A Valley 2-year-old who is fighting a rare and fatal disease is now showing improvement with an experimental drug. Woodrow Miller suffers from Niemann-Pick Type C disease, described as a form of Alzheimer's, among children.
When ABC15 first sat down with baby Woodrow's family earlier this year, his parents were worried without treatment he may not live to see another year.
Denise and Rickey Miller had been fighting hard to get Woodrow enrolled into an experimental drug treatment program, that was not accepting new patients.
However, thanks to pressure from Arizona elected officials and the media, and the company Mandos LLC acquiring the experimental drug from Mallinckrodt Pharmaceuticals, baby Woodrow finally got the green light to start treatments.
Now after multiple trips to a children's hospital in Chicago and five infusions of Adrebetadex, the Millers finally have some hope.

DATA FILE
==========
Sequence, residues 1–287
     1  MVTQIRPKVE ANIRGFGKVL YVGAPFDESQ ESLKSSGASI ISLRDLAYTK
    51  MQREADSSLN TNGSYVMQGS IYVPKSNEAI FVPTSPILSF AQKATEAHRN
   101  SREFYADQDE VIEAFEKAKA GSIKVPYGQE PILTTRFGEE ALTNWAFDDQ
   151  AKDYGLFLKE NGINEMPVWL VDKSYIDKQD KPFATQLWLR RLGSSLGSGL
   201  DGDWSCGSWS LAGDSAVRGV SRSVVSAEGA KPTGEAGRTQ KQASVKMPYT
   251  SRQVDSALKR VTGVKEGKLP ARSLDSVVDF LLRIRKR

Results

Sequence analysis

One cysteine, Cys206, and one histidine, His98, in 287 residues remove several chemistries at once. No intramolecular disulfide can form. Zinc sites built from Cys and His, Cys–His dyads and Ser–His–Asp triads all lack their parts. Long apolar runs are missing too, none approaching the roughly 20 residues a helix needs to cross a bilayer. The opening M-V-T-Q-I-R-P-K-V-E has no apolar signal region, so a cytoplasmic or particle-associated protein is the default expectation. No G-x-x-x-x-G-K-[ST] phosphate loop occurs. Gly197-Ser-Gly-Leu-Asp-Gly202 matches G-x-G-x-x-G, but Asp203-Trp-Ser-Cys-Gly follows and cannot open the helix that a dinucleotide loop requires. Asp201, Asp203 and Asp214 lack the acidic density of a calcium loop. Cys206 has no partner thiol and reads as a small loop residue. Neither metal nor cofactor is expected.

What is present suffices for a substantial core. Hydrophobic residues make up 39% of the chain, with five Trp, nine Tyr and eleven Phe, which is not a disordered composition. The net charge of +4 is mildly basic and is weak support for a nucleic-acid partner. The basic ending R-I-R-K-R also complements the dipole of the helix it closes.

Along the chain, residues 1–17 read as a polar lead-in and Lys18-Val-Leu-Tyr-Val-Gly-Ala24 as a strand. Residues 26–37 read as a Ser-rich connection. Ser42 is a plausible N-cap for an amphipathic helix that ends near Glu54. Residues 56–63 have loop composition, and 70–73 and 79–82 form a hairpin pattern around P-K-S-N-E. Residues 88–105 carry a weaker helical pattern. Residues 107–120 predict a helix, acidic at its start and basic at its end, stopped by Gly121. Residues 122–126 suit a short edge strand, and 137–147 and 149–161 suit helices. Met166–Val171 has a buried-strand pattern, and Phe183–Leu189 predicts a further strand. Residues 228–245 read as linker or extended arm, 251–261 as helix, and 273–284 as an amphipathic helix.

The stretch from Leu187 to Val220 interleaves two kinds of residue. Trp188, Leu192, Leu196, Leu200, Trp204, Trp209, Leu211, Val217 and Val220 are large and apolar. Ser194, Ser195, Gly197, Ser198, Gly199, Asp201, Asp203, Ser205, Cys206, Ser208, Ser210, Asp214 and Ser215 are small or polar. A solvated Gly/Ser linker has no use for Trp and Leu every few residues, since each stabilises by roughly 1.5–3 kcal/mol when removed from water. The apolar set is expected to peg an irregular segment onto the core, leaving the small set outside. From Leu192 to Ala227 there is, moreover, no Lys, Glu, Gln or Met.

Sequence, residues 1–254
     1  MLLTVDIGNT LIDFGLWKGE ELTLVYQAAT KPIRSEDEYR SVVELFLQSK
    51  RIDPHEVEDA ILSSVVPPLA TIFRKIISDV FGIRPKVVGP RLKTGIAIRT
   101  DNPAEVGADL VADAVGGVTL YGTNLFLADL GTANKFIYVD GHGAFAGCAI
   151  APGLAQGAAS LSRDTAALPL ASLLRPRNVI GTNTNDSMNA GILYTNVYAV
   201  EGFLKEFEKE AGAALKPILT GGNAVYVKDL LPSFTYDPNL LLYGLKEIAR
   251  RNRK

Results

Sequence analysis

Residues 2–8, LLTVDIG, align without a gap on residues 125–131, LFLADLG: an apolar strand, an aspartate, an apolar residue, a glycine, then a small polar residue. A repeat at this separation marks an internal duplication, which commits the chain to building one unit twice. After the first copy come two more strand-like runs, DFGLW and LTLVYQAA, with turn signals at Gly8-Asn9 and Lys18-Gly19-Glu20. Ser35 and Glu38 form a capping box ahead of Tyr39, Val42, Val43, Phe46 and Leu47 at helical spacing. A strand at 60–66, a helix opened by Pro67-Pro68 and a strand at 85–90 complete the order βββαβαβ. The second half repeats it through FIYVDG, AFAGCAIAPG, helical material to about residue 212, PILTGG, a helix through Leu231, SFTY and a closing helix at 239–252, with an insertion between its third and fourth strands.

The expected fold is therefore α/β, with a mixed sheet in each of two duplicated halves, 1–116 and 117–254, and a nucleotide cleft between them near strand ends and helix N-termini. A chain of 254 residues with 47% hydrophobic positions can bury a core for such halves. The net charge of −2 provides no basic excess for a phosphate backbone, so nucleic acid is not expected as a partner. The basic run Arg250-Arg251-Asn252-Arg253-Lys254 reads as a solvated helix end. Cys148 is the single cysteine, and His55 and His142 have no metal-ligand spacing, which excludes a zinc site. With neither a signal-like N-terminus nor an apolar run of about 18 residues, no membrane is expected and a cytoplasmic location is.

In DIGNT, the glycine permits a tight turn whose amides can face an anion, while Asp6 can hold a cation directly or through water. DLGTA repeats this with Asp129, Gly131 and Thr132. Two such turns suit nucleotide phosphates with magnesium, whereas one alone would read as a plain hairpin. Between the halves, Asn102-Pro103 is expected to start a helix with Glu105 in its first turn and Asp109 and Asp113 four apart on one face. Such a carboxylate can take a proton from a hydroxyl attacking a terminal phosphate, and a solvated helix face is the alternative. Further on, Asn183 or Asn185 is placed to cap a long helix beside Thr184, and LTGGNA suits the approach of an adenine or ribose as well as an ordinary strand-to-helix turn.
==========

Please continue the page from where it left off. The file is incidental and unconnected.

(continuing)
"I'm so excited to see what the future holds for Woodrow," said Denise.
Before they received access to the experimental drug, the Millers said their little boy appeared to be getting weaker by the day.
"Every day that passed was another day that closer to having to say goodbye to him," said Denise.
Now, they are seeing progress, he seems stronger, and more determined.
His mother knows Adrebetadex is not a magic solution. The disease is still fatal, but she has seen the amazing progress other children with the same diagnosis have made after multiple treatments.
"There are kids that have been taking this medication for well over a decade that are now living into their 20s," said Denise.
The Millers say watching their child grow stronger is proof that this medication works.
Some of the side effects include potential hearing loss. So far, baby Woodrow has not experienced any side effects, but Denise said she would take that over watching her boy die a slow and painful death as his body deteriorates with the deadly disease.
The Millers remain hopeful that with the time Adrebetadex is buying their child more time for research that could lead to newer treatments and possibly a cure for all of their children.